1. If he had another two years I think he would have been able to pull it off. Engines from BMW, he picked a good designer for the Phoenix, his mistake in hindsight might have been restarting production too early.

            The Griffin model (last year of the 93) was a much better vehicle for the time and effort put into it.

  6. Actually, the fact that I refer to Mr Muller as “Victor”, in the same way as a teenager might refer to a pop star whom they have and will never meet but whose poster they have on the bedroom wall, underlines Mr Muller’s key asset – his magnetic charm. It is a fascinating, powerful but perhaps ultimately quite dangerous substance. So it’s “Mr Muller” or “VM” from now on.

      1. Mr Muller, also known as Vic to his friends and former employees ;-), is a guy who, on balance, I admire a lot. I find him fascinating, but the fascination comes from the perceived shade as well as the light of his character, as any prospective biographer should know (Note to Swade: ever given it any thought?).

        Plus I guess I am just throwing a few reservations out there because it is important to be circumspect at times. Underneath my lefty exterior I, too, harbour an ardent desire to work like a dog behind closed doors while cultivating the image of a flash playboy tooling around the highway in Monaco in a supercar en route to my private jet and the next board meeting of my very own car company staffed by legions of admiring followers. So too, secretly, do many Swedish journalists and politicians – but they appear to be too repressed to admit it, nor to live and let live when somebody else lives like that.

        Whatever, Mr Muller clearly rubbed a lot of Swedish journalists and politicians up the wrong way just because, exactly has been suggested, he is very much not the reserved Swedish businessman of which Jan Ake Johnsson is an archetype. From the outset they had it in for Mr Muller, plain and simple, and as many people have observed this is perhaps one of the downsides of Sweden’s otherwise marvelous culture – which is that one ought never to try to be a tall poppy, especially if one is an outsider.

        After all, one could never by any stretch describe either Mr Muller or a Spyker C8 Aileron as “lagom” and I think that’s what a lot of folk, or at least opinion-formers, in Sweden had a problem with. Don’t be too loud, don’t be too colourful, don’t be too successful. It’s the price of consensual social democracy. Even Abba were shunned at home in their heyday, for goodness sake!

        But then, you know, maybe it cuts both ways, because I think you can actually win a lot of admirers in Sweden if you do go your own way and stick out from the crowd – Ingmar Bergman, Thomas Di Leva, Zlatan Ibrahimovic, to name just a few. If only Mr Muller had been able to make that Framework Agreement stick, then his stock would have risen with the Swedish public just as surely as it would have risen in Amsterdam. But it didn’t, and that’s why we are here …

        1. Re; but they appear to be too repressed to admit it, nor to live and let live when somebody else lives like that.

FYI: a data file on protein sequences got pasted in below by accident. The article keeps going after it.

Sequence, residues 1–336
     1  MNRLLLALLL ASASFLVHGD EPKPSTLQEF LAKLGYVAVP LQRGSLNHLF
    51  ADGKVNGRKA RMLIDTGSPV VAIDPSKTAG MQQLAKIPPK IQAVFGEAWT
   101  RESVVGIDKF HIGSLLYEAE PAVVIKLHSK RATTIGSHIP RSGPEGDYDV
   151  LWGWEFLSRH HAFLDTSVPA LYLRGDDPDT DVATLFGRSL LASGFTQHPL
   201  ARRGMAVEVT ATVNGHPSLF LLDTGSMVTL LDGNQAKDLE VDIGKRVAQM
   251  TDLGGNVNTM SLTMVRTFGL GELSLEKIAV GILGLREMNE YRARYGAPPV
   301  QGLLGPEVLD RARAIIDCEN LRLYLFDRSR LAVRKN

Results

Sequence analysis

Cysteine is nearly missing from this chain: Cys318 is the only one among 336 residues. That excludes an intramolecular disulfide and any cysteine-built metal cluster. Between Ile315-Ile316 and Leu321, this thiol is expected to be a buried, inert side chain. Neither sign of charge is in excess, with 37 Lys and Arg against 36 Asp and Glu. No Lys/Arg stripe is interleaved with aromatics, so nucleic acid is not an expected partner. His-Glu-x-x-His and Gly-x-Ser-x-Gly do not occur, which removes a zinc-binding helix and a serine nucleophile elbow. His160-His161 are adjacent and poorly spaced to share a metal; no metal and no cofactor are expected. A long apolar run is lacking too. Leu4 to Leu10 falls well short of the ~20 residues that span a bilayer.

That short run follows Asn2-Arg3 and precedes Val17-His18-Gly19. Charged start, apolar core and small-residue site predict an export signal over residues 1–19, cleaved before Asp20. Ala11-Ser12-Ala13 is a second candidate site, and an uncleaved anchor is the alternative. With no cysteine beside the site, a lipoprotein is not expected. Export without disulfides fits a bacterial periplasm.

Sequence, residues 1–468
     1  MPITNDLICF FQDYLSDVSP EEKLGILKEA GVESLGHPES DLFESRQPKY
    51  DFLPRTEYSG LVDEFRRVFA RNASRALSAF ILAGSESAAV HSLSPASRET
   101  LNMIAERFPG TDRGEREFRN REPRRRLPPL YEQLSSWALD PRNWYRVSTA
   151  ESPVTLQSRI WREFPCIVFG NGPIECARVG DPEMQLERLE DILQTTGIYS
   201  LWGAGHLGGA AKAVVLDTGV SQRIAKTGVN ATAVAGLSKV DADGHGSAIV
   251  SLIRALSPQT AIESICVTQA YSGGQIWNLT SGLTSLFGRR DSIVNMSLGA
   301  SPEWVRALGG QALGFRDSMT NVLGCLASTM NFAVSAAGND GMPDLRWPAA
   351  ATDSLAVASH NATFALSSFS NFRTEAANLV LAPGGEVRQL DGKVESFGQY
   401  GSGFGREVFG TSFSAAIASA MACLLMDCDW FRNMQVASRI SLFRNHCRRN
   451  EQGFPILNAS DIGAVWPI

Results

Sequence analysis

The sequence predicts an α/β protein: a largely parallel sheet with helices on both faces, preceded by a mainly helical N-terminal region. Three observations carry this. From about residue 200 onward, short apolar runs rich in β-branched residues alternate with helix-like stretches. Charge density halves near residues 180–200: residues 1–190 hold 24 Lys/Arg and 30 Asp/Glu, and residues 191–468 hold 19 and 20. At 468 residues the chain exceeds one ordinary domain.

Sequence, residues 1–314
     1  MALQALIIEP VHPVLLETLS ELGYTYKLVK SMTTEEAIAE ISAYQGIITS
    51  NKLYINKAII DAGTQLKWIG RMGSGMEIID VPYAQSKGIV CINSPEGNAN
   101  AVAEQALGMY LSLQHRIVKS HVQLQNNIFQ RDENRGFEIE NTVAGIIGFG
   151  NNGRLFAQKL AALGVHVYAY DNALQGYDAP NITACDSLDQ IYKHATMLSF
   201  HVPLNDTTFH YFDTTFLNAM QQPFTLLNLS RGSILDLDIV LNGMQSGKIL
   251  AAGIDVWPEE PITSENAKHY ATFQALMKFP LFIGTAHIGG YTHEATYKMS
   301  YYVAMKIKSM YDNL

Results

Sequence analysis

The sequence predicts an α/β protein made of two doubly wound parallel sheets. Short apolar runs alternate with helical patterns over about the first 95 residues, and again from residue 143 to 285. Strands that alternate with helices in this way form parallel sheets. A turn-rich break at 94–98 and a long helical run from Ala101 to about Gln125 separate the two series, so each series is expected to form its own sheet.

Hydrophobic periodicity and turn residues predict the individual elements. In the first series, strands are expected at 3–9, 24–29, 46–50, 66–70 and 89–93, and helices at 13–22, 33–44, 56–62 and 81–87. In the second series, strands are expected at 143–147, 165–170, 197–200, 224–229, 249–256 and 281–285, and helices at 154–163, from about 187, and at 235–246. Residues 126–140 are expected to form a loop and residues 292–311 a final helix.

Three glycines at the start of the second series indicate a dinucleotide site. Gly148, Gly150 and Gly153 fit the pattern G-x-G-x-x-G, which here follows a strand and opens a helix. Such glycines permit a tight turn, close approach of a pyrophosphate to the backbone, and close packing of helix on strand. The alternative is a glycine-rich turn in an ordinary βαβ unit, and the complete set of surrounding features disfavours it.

And that is where the word Jealousy kicks in….

        1. One of the best, and most intriguing, noms de plume, I have ever set eyes upon, eggsngrits. I would go so far as to say it is cracking. 😉

  7. I wonder what might happen if Spyker is successful. Could distributors, dealers, suppliers et al bring their own suits against GM if a prededent is established (albeit civil and not criminal)? That concern may push GM to settle which would put a gag in everyone’s mouth, and that might be the end of the story. Spyker may indeed end up with a sizeable reward.

    1. According to ttela.se (who reference Just-Auto), Lars Holmqvist (former CEO of CLEPA) has said in an interview that also Youngman is considering suing GM now.

      Nice quote by Holmqvist:
      “I hope Detroit take this serious, because the main characteristics of Victor Muller is that he is clever and a lawyer… He alone has more energy than the whole of GM administration”.

    1. Suing Spyker seems unlikely. When you want water, you don’t intentionally choose a dry well.

      1. After the collapse of the sale of Saab to Chinese Youngman leading to the former’s bankruptcy, it was revealed that Mr. Muller favoured Turkish Brightwell, not Chinese Youngman. See http://www.saabsunited.com/2012/02/victor-helping-brightwell.html

        So, did Mr Muller act in good faith earlier when he was purporting to sell Saab to Youngman? Did Youngman suffer some kind of a modern day Western betrayal at his hand and isn’t Youngman accordingly entitled to legal redress against Spyker and him?

        1. Yes.

          No, and…..


          The mere fact that it didn’t work out doesn’t mean one (or both) parties is automatically liable for the losses of another. It depends on whether one of them has acted inappropriately or otherwise breached a contract. Muller contends that GM did something that can be construed that way. Youngman might, too. But extrapolating that our to YM vs VM is speculation until they bring out a possible reason why.

  8. I don’t see that Spyker has a clean shot at this lawsuit. Messy affair. Spyker will be forced to defend their management of Saab and Saab’s sales or bottom-line. And, then don’t forget the Swedish government. Divorce anyone?

    Not sure I have a thought on this one, maybe just a puzzle.